Category Archives: Romance

Posting for Posterity

Just putting this here, for posterity’s sake. Dreaming August won the Rone Award for best Women’s Fiction, 2017. For anyone wondering what the Rone Award actually is, look here. Otherwise, just gaze upon my pretty star. Hehee!

Thanks for all the kind words, well wishes, and congratulations! I am still basking in all your love.Rone-Badge-Winner-2017--

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Virtual Tour: Waking Savannah

Well, looky dis! –>Click on the ticky because I don’t know how to embed it. Sorry. I’m lame.

I’m on virtual tour to promote the release of Waking Savannah (October 25th) along with sister in Lyrical Shine, Heather Heyford. Enter to win an ecopy of BOTH our books!

waking-savannah-highres

Waking Savannah, Book 3 of The Bitterly Suite

 

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Ind’tale trailer fun

After I got my faboo review for Dreaming August, Ind’tale sent me an offer to get in on a trailer they put out once a month. (<– if you want to see it.) I took them up on it, and this is the result. Fun, huh?

Dreaming August

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Broad brushstrokes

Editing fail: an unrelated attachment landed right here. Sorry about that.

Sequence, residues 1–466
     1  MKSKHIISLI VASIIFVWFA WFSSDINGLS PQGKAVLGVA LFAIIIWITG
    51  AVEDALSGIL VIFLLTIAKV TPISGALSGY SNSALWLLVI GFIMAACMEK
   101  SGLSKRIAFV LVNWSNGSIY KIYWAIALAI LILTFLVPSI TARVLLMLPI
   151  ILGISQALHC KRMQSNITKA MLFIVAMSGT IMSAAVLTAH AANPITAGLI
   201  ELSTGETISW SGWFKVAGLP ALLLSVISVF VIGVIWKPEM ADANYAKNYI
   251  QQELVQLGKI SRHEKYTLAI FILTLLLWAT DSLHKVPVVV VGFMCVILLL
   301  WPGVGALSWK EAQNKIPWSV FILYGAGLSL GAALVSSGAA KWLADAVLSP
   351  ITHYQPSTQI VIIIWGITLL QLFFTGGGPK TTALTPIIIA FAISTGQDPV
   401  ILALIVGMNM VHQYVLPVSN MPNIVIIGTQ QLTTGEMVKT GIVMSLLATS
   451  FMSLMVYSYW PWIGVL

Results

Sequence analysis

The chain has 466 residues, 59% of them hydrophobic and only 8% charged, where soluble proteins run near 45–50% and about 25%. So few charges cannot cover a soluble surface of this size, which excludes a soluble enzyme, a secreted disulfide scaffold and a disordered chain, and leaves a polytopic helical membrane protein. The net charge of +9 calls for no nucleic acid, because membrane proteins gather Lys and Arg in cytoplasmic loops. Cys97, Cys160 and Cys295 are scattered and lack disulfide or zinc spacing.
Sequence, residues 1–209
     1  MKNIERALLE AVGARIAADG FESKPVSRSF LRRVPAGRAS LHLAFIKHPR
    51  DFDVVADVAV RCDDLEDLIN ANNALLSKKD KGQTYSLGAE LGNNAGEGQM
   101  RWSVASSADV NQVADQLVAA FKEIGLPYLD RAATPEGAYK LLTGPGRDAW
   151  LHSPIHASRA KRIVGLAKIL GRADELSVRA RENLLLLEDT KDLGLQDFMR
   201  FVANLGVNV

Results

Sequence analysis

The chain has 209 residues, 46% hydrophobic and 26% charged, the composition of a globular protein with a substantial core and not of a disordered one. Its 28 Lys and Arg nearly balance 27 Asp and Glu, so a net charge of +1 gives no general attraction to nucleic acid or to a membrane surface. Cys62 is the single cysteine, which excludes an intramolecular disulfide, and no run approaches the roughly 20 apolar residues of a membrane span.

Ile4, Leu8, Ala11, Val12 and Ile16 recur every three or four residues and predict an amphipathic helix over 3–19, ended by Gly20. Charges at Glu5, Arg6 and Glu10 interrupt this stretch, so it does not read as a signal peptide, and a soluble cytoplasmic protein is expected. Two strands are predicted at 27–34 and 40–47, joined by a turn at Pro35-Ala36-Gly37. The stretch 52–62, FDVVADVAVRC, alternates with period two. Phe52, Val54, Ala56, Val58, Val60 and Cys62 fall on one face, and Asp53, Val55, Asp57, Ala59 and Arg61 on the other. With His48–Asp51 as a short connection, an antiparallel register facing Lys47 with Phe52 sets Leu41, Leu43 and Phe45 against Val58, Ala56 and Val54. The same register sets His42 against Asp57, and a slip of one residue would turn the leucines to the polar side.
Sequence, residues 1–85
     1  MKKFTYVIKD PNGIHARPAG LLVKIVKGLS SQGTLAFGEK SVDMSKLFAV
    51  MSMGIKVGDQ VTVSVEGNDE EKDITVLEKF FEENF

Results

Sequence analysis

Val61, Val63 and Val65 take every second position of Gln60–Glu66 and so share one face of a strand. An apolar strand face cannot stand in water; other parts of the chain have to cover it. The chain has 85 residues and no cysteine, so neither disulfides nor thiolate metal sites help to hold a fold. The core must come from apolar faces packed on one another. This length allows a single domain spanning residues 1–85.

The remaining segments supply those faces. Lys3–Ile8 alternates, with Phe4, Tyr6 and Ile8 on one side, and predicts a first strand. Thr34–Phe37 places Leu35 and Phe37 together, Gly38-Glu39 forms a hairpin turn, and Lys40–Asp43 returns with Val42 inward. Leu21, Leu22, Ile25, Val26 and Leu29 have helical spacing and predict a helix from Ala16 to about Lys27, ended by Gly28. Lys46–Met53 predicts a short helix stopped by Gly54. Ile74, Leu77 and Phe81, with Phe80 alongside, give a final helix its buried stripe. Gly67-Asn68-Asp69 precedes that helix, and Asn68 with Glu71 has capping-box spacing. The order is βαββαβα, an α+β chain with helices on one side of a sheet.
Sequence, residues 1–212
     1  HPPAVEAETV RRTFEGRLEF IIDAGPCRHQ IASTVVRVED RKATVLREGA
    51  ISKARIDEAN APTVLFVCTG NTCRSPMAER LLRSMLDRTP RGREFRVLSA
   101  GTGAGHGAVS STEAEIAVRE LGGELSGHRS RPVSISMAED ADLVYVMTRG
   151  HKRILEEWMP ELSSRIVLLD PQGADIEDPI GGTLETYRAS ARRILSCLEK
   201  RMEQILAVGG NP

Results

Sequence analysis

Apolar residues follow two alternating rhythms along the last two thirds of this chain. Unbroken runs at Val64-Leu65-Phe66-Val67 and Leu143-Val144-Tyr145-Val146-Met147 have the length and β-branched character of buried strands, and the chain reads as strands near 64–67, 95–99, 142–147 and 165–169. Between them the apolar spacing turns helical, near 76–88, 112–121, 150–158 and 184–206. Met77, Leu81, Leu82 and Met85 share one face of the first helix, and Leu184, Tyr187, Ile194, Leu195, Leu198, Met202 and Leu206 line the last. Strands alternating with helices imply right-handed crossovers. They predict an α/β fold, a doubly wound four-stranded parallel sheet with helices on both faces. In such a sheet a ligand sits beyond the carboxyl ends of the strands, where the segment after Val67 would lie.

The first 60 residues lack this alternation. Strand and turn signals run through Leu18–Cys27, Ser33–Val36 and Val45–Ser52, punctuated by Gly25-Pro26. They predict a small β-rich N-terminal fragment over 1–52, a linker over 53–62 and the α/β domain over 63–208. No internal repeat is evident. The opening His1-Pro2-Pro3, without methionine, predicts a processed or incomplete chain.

It has occurred to me on more than one occasion that Romance fiction is judged the way most things female are judged–with a broad brush covered in rose petals and sparkles. Sugar and spice and everything nice is all well and good, but it’s not all we are, and it’s not all that romance writing is.
   Chick-lit, chick-flicks–yes, such things exist in the exact form you’ve instantly conjured with those terms. There is a place for these lighter-than-air stories crafted to give no more than a moment or two of, “Oh, no–poor character. Her latte wasn’t fat free and now she’ll be all bloaty for her date.” They’re a form of fantasy, maybe a little wish fulfillment in a real life of job, kids, spouses, dog-poop on the carpet and/or dating a thousand frogs in the hopes of kissing a prince. Or worse. I know, when we were going through the worst of the worst, I devoured romance fiction of this nature like a kid on a melting fudg’icle.
   Then there is the rest of romance, the kind that touches on deep, painful, uplifting, complicated and otherwise intense aspects of life. Or death. There is romance set in war-time, in the aftermath of natural disaster, in the quiet and tragic illness of a loved one. There is also comedic romance, suspenseful romance. As a matter of fact, just add “romance” to any genre, and you’ll find excellent examples of what you can easily find. Anywhere. The “romance” part simply means there is a love story at the core, and that those two people will find a way to one another in the end.
   Now, I get it. In this world of self-publishing, there is a whole lot of poorly written stuff out there.And it’s not as if every traditionally published novel is fabulous. I’ve read quite a few stinkers on both sides of that fence. But you know what? Some of that “poorly written” stuff sells really, really well. Why? For the same reason it has since Professor Bhaer admonished Jo March that she wasn’t a real writer until she stopped writing her pirate stories–it speaks to a large number of readers, in language that doesn’t make them feel talked down to, or talked at. It reads the way they speak, the way they relate stories. In short–it’s real.